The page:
oppressed by my enemies?”  Their taunts break my bones.  They scoff, “Where is this God of yours?”

Why am I discouraged?
 Why is my heart so sad?
 I will put my hope in God!
    I will praise him again —
 my Savior and my God!

There are longings. 

There are tears.

There is confusion.

There is discouragement.

There is sadness.

There is darkness.

But there is also light.  There is also hope.  There is also trust.  There is also worship.  

Darkness and light, weeping and worship, heartache and hope – somehow, someway, they’re all here together. 

I wish the darkness would go away in my life.  I fight against it.  I pray against it.  But it's still there.  But I’m thankful to say that there is something else there as well - light.  God is breaking through the darkness, and even using the brokenness to bring healing.  The cross of Jesus reminds me that God has gone to extraoridinary lengths to show that he can be trusted and to show that he is always for me – no matter what I feel and no matter how bleak life appears.  The resurrection of Jesus reminds me that light will have the final word over darkness.  One day, the darkness will be gone forever.  This continues to be my only hope.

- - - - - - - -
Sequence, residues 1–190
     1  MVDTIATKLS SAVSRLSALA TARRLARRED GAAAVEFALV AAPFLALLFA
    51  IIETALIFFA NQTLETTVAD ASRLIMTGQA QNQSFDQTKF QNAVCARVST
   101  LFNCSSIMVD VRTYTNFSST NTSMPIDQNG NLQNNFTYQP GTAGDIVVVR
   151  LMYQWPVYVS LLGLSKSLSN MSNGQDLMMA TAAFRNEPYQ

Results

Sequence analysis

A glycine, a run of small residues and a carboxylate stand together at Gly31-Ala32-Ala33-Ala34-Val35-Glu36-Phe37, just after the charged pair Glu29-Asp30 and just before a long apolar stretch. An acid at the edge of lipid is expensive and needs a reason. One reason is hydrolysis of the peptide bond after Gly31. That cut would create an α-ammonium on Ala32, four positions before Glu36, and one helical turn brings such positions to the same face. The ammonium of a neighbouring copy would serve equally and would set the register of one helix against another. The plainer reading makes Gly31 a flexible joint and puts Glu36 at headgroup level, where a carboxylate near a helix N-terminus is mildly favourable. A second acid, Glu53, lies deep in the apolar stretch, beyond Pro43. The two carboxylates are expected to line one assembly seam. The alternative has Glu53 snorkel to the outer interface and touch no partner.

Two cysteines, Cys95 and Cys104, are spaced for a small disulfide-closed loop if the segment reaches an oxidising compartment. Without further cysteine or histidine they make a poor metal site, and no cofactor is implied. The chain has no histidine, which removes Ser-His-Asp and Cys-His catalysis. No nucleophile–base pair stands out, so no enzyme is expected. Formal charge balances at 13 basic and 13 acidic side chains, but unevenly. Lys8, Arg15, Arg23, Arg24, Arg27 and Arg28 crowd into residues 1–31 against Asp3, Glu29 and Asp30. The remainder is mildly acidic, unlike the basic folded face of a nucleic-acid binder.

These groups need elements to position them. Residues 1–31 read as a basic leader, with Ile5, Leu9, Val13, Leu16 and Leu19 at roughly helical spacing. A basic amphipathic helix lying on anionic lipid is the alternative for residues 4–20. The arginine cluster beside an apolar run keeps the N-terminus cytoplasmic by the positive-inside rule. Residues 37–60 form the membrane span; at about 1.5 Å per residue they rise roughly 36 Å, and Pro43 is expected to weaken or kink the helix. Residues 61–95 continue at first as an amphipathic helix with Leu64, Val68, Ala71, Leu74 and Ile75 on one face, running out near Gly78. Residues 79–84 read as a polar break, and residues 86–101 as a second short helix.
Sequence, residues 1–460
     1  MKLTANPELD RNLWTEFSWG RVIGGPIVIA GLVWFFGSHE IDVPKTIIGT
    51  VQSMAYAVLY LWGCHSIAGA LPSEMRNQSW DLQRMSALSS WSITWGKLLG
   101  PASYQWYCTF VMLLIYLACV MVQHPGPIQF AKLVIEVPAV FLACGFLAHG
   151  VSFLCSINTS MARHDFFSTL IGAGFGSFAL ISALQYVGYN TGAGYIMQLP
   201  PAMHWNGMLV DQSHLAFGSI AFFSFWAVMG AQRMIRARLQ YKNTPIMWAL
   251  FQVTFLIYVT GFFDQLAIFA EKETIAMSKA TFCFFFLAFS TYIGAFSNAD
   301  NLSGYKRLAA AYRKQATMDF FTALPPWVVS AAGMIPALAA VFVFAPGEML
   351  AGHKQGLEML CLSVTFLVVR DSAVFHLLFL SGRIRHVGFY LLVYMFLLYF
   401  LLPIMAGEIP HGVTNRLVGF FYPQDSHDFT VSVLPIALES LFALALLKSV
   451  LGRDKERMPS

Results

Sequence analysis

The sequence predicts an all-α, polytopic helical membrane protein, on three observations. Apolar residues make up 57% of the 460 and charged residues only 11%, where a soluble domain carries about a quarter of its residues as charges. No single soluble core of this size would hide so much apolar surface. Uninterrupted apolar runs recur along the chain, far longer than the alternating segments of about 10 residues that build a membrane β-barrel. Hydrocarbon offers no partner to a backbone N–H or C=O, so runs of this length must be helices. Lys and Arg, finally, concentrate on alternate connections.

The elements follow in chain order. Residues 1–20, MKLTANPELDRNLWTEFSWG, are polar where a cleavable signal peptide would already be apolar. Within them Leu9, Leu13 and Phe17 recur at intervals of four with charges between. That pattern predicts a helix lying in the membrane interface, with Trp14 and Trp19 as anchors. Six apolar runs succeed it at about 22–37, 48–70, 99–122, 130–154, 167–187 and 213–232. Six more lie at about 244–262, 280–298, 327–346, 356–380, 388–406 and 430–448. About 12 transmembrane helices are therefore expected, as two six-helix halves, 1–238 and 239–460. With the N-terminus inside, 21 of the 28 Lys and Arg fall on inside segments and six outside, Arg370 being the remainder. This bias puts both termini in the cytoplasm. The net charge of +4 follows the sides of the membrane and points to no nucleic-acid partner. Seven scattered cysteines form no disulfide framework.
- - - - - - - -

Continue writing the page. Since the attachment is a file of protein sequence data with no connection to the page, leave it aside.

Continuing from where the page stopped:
Why am I discouraged?
  Why is my heart so sad?
  I will put my hope in God!
   I will praise him again —
 my Savior and my God!

 

Growing a Strong Marriage: Knowing One Another

In thinking about what makes for a strong marriage, it’s easy to overlook the most basic feature of marriage – it is a close relationship.    In dating, engagement, and marriage, there is a natural progression that takes place.  Two individuals are moving towards one another – revealing themselves, discovering each other, and growing in love for the person they are coming to know deeply.

collection-34.jpg

In Scripture, the marriage relationship is patterned after the relationship God has with his people.  One common phrase repeated throughout the Old Testament is a simple declaration – “I will be your God, and you will be my people.”  Page after page the Bible talks about a God who knows his people deeply and who invites his people into a close relationship with him in which there is mutual knowledge and enjoyment.

But when we look at our own relationships, there seems to be a natural shift towards complacency.  We don’t set out to be bored and stagnant in our marriages, but it creeps in slowly over time.  Life gets busy, routine sets in, and we easily lose sight of the person right before our eyes.  We stop seeing the person we love and begin to act like roommates who know their roles and just keep the ball of life rolling.